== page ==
Sudeep Bhatia

A discussion with Professor Sudeep Bhatia, Assistant Professor of Psychology, and the Wharton Neuroscience Initiative (WiN). Interview and write-up by Eva Schottenstein (C’21).

(WiN): Can you talk a little bit about yourself, your background?

Bhatia: So I’m an assistant professor. My primary appointment is in psychology, though I have a secondary appointment in marketing. I’ve been at Penn for about three and a half years. My work is at the intersection of cognitive science and behavioral science, so most of my lab builds computational models of human behavior, models that are inspired by what we know about cognition (as well as new advances in computer science).

I came into the study of human behavior and cognition because when I was an undergrad, I was very much interested in choice, almost from a philosophical perspective. Eventually, I wanted to study choice and choice behavior, empirically or scientifically. I got drawn to behavioral economics, which was a very promising research field, both then and now. I did my PhD at Carnegie Mellon in behavioral decision research which is basically a field of psychology and economics that studies human choice behavior. While I was getting my PhD, most of my roommates were in computer science, so I kind of got sucked into that world as well. So now I combine computer science, cognitive science, and behavioral science, and try to put them all together.

(WiN): What brought you to Penn?

Bhatia: It has an amazing behavioral group across Wharton, the School of Arts and Sciences, and the Medical School.

(WiN): What else are you involved in on campus?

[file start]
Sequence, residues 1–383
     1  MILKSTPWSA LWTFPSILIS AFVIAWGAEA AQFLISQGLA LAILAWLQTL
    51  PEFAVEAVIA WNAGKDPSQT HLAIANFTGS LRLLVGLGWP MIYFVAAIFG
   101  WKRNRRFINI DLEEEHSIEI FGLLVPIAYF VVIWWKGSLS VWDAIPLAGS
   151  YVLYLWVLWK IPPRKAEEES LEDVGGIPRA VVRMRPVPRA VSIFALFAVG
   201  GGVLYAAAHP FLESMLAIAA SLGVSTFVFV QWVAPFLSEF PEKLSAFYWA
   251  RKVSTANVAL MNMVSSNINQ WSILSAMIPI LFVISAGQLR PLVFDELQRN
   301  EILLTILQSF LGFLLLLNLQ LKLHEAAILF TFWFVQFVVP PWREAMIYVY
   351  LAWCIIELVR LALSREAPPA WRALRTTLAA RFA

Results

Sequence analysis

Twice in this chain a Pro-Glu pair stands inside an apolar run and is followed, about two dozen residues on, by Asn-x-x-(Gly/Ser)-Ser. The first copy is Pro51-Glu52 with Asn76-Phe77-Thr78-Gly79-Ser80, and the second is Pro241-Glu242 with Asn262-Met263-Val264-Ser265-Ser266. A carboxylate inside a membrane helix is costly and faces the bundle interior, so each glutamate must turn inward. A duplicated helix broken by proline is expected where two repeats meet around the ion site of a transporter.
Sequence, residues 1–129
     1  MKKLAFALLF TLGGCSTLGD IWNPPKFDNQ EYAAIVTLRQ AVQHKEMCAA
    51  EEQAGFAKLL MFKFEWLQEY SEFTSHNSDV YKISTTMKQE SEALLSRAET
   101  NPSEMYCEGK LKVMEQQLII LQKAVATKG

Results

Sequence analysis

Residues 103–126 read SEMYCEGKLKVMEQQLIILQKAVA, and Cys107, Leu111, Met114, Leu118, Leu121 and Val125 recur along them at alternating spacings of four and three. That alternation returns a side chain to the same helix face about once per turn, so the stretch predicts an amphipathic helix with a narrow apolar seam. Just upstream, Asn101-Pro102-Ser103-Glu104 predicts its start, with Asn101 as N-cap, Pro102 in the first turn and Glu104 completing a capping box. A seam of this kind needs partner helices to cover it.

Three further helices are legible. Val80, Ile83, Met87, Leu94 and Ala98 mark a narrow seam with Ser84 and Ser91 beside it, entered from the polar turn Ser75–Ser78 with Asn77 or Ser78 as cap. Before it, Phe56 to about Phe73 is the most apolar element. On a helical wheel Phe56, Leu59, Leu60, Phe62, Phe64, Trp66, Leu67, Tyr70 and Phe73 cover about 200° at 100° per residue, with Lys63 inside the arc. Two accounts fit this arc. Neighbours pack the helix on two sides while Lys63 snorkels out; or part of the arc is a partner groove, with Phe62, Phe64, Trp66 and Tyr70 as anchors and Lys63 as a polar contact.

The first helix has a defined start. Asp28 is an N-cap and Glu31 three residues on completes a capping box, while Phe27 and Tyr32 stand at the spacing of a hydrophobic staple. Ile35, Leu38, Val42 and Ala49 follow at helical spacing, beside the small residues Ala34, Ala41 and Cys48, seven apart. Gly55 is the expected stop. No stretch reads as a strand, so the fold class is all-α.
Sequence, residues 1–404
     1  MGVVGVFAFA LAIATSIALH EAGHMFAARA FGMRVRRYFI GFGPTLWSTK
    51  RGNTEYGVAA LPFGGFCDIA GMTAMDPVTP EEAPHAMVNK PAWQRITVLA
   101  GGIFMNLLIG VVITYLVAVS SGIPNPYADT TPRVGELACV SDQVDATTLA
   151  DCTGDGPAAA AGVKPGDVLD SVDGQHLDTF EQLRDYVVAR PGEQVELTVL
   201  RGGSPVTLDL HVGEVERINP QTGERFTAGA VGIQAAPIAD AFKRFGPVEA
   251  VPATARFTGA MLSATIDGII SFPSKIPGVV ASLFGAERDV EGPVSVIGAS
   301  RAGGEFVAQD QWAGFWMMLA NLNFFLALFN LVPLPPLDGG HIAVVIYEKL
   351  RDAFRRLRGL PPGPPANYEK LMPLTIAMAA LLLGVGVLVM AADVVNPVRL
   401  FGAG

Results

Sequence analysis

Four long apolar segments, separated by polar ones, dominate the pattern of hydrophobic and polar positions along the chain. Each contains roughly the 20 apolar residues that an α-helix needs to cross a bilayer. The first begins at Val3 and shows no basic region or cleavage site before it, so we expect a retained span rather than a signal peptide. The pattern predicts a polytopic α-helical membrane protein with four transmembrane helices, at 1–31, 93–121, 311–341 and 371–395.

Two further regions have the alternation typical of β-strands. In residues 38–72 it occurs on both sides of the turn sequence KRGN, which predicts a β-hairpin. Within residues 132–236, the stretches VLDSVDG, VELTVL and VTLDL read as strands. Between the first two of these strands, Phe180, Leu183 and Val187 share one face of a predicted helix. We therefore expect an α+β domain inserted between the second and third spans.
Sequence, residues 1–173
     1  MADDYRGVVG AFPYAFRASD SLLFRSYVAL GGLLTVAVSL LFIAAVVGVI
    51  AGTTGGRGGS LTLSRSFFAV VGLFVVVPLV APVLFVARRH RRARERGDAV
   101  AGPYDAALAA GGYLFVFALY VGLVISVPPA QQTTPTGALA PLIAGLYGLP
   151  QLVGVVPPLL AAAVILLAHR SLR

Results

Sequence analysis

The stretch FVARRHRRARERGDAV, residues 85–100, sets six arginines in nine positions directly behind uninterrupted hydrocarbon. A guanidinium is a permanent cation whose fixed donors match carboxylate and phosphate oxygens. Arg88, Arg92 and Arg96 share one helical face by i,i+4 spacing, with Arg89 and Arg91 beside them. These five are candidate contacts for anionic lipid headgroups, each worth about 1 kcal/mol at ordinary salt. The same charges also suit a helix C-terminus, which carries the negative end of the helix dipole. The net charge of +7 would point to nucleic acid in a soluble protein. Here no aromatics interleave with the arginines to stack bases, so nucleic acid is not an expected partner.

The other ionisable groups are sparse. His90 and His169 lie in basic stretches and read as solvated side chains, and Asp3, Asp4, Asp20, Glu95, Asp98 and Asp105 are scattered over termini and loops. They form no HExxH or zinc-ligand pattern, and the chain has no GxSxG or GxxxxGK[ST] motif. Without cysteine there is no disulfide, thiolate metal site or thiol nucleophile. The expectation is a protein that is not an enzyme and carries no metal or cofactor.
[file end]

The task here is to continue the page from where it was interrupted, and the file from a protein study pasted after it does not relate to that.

Bhatia: I work as a professor, I do research, I have a lab called Computational Behavioral Science Lab. I teach Behavioral Economics. I teach a class called Modeling Choice Behavior, which is the coolest class ever. I get students to build computer models that simulate their own decisions. So the whole class ends up being about how we can build a computer model that mimics the mental processes that we use to make choices; that makes choices just as we make choices.

(WiN): When did you first develop an interest in research?

Bhatia: I think when I was an undergrad, I realized that one could do research for a living, so that’s when I got really interested in doing research.

(WiN): What are your research interests?

Bhatia: I build computer models of human behavior that are inspired by insights in cognitive science, by methods in statistics and computer science, and, of course, by psychological research on human behavior. My research is basically in at the intersection of psychology, cognitive science, economics, and computer science.

(WiN): Can you tell me about any of your research projects (past, present, or future)?